Women have made essential contributions to how we understand the world around us, from discovering new elements and sub-atomic particles to advancing modern psychology. However, they are often left out of history books and popular discourse while their male colleagues are celebrated. In her new book Women in Science: 50 Fearless Pioneers Who Changed the World, author and illustrator Rachel Ignotofsky spotlights fifty women who have made, and are currently making, invaluable breakthroughs in science. Illustrated in bold, beautiful colors on a dark background, each woman is depicted doing the work she loves next to a brief biography and fun facts about her life. Signal to Noise had the chance to talk with Ignotofsky about her book and the inspiration behind it.
Where do nanoscience, spray paint, geology, wood blocks, astronomy, and biology come together? An art gallery. TheenTANGLEment exhibition, curated by Bob Nidever and displayed at TRUNK Gallery in Venice, California, had its grand opening September 10 and is an examination of how art and science interact and influence each other
Pop culture events like Dragon Con are full of activities aimed at satisfying our inner (and sometimes outer) nerd. What sets Dragon Con apart, though, is its elaborate Science Track, which dedicates over 40 hours of programming geared towards – you guessed it – science. But it's about much more than that. The Science Track aims to discuss science and science fiction in a fun, engaging manner, creating an environment where scientists and science enthusiasts can geek out together. We had the opportunity to chat with two scientists who are actively involved in the Dragon Con Science Track and in the field of science communication (SciComm): Dr. Raychelle Burks and Dr. Eric Spana. Both are sitting on a number of panels this weekend at Dragon Con.
The day you’ve been waiting all year for is finally here. The doors open and you get the best seat in the house, front and center. You’ve prepared a question or two, hoping you get the opportunity to ask one of the speakers. Finally the lights dim and the panel begins. What’s the topic? Star Wars, naturally. Question one – could the Ewoks sustain themselves by eating Storm Troopers? I bet you didn’t see that coming. The special guests today are scientists, prepared to talk Star Wars science. They're speaking on just one of dozens of science-related panels at Dragon Con.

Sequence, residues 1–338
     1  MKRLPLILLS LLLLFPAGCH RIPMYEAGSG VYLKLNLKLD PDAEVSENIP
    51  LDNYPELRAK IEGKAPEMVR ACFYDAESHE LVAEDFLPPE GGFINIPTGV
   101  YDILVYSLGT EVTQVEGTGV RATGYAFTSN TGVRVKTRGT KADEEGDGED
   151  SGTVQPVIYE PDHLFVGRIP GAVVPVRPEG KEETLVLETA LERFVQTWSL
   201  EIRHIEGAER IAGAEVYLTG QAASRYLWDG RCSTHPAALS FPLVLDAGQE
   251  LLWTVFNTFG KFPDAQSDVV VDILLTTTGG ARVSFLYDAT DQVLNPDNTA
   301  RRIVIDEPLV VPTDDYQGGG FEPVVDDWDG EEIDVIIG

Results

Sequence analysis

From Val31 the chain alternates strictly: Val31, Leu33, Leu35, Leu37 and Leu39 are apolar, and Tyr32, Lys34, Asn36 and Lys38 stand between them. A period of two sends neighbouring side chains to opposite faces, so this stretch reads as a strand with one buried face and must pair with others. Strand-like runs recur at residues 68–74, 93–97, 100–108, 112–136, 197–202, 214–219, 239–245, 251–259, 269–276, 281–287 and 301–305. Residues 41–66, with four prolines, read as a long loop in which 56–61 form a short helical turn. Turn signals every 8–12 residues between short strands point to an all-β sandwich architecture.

Of all the garbage we collected in the extreme north, the most unexpected pieces were children's toys. I wanted to imagine the high Arctic as pristine, with endless white vistas. Yet on beautiful forlorn shores of Svalbard, Norway's Arctic archipelago, we spotted our remnants - a mustard bottle, a cigarette lighter, a slipper, an asthma puffer, and plastics galore. In Svalbard's most remote lands you see more polar bear paw prints than human footprints - but you also see our human synthetic waste.
It can be difficult to know how much truth there is to the science news we encounter in the media. Next time you read a piece of science news, follow along with our checklist! The more you can check off as you read, the more likely it is that you've found quality science journalism.
In 2011, the Congressional Budget Office reported that over 1,000 American soldiers required an amputation, due in large part to improvised explosive devices. Some lost legs; gone are the feelings of an ocean washing over their feet. Others, an ear, binding them to auditory imperfection and forever altering their mirrored reflection. But must these losses last forever? The integration of stem cell science with new tissue fabrication techniques is tantalizingly close to achieving a feat seemingly pulled from the pages of science fiction. Can we regrow those soldiers’ limbs and ears?